My husband and I have to stay flexible with our fairly insane schedules. But, because of them, I've spent months of Kyle's (already short!) life racked with guilt over rarely sitting down to a meal as a family.
When Emily with Not That You Asked mentioned this exact "family dinner" issue on Twitter, I asked her to write a guest post on the topic.
I love her take on it.
I think my son Asher was seven months old when I started worrying about making Family Dinner a priority in our house.
Seven months old. Do you know what seven-month-old babies do at dinner? They cry. They wiggle. They refuse to hold their own utensils. They spit stuff. ORANGE stuff, and they spit it right onto your nice, clean, white shirt. (Someone tell me why they don't make bibs for parents who FEED infants? It would make a heck of a lot more sense for ME to be the one wearing the vinyl hazmat suit, you know?) But OH, the GUILT I felt sometimes for not orchestrating a grand, three-course meal that we could all sit down to together when my husband arrived home from work. You know, so he could eat it and I could attempt to shovel purees of seemingly unnatural combinations of food (peas and carrots plus OATMEAL? Are you KIDDING ME?) into a fussy, tired baby.
It took me a really long time to get past the idea that Family Dinner equaled Happy Family. Because it just doesn't. Guess what: Your family is not going to fall apart if you don't eat together every night.
Now, don't get me wrong. Family Dinner is definitely important. I look forward to the days when our kids will be old enough to participate in conversations about everything from school to current events to vacation planning around the dinner table. I hope that we're able to eat together often and I hope that it becomes something we really enjoy doing together.
But I refuse – REFUSE - to feel guilty if we can't swing it all the time, especially now, when my kids are small. Because when kids are small, they require help eating. They make constant demands that they can't get out of their own chairs to fulfill. They don't necessarily eat what or when the adults want to eat. I'd say 95 percent of our Family Dinners end up being chaotic, frustrating, stressful experiences, where one kid whines that he needs help and the other one secretly smears yogurt all over the wall behind her chair all while my food and Dave's food goes stone cold in the insanity. Yeah, THAT'S fun for everyone, especially when it escalates to discipline and stern warnings. (Have you ever cleaned yogurt off of BEADBOARD? ALL. THOSE. CREVICES.)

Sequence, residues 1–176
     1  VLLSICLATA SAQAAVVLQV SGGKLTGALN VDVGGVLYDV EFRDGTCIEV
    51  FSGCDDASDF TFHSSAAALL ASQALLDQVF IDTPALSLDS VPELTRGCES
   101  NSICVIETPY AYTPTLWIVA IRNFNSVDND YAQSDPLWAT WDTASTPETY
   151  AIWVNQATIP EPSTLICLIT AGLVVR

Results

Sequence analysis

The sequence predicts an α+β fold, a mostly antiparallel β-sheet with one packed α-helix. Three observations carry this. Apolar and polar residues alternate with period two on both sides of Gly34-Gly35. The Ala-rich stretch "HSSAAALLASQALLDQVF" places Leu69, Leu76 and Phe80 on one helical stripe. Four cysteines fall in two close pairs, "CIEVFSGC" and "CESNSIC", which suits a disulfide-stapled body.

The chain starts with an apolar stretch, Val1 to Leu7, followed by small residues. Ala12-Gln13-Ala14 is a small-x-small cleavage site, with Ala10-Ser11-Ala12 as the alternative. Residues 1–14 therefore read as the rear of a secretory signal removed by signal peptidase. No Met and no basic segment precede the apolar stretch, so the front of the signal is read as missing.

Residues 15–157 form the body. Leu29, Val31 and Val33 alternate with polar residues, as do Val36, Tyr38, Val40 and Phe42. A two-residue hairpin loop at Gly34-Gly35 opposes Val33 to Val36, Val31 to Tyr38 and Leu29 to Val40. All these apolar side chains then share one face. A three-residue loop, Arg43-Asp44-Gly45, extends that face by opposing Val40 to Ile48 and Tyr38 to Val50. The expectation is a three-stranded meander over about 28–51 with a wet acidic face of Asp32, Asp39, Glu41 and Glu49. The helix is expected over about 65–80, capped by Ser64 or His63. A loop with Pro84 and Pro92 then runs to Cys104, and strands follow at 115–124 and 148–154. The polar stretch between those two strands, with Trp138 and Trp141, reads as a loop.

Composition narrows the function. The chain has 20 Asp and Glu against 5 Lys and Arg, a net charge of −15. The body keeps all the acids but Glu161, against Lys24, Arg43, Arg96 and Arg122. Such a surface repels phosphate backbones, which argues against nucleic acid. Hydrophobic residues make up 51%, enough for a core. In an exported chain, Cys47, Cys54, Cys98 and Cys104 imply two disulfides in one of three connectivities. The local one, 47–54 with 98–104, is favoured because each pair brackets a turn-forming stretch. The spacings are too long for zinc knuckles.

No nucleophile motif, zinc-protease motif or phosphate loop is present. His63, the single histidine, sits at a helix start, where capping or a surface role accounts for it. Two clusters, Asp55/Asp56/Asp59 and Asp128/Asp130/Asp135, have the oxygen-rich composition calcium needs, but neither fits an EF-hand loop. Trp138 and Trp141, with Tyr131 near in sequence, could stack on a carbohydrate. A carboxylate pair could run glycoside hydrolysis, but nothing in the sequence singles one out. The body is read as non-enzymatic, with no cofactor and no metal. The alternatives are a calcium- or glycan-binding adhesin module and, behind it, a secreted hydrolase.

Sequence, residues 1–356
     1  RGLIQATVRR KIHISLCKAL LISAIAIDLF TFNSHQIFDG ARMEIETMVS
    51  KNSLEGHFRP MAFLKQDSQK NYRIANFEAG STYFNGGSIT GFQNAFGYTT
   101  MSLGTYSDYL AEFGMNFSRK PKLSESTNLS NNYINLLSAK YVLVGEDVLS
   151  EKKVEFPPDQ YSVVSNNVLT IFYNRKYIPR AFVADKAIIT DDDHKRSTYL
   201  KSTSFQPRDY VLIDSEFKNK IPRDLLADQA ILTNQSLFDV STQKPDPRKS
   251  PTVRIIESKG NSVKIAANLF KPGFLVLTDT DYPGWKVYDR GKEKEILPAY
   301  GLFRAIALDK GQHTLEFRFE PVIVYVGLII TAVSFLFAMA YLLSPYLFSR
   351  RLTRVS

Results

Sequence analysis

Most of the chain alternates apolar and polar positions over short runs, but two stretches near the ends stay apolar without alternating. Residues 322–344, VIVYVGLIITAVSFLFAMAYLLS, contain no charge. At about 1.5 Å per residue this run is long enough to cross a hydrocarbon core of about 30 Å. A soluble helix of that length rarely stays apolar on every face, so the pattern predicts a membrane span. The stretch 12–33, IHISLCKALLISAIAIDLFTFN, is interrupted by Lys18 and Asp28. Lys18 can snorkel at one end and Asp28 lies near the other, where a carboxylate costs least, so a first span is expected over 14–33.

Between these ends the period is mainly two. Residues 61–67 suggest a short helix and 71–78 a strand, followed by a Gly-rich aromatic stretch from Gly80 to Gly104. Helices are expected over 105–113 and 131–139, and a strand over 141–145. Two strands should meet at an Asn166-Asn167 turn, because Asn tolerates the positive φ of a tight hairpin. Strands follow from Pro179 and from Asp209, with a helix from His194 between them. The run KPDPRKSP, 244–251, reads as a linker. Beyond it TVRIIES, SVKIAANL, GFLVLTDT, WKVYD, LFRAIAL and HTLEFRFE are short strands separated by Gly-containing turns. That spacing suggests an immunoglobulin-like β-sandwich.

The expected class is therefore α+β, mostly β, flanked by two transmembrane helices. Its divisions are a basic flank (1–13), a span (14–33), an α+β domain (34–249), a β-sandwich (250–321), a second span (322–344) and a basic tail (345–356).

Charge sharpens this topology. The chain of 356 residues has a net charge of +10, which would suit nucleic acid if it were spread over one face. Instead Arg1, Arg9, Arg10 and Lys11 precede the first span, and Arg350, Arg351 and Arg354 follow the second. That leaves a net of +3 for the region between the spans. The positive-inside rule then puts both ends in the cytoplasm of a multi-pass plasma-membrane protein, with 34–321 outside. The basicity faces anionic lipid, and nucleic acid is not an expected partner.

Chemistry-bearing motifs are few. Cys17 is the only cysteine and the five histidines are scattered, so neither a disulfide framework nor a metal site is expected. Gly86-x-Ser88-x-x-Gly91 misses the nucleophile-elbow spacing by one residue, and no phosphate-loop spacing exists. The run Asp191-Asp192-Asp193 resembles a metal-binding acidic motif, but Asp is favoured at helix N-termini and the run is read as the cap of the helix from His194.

When our kids are older (school age) and we don't SEE them as much as we do now, then I'll make a concerted effort to gather them in one place on a daily basis. I do think that making that effort for them when they've got their own social agendas and activities is a Very Big Deal. When they're old enough to slam their bedroom doors and demand privacy and roll their eyes when I ask if they've finished their homework. I know that when they're older, dinnertime might be the only time I can demand their presence. And I most certainly will.
But right now? When they're little? When they can barely sit still for the time it takes to ingest half of a chicken nugget? I believe they get enough quality time with us without us having to watch each other cram food down our gullets. (That's what we do. Really. We cram. So it doesn't get cold.) I'm especially lucky, because I'm with those little beasts 24 hours a day. And although Dave works outside of the house, he does his best to make his time with them count. He spends his evenings (and some mornings) reading to them, taking them to the playground, roughhousing and tickling and laughing. We still talk to them about all the important things in their lives; we still make time to be together as a family. We just don't do it around the table.
There's nothing wrong with making dinnertime your family time, if you can swing it. Oh, how I ENVY you, if you can swing it! Perhaps your children can come over and teach mine how to keep their yogurty hands off the china cabinet! But remember that there are lots of other ways to learn how to connect as a family. Give yourself permission.
So, what's dinner like in your house? And, how was it with small kids?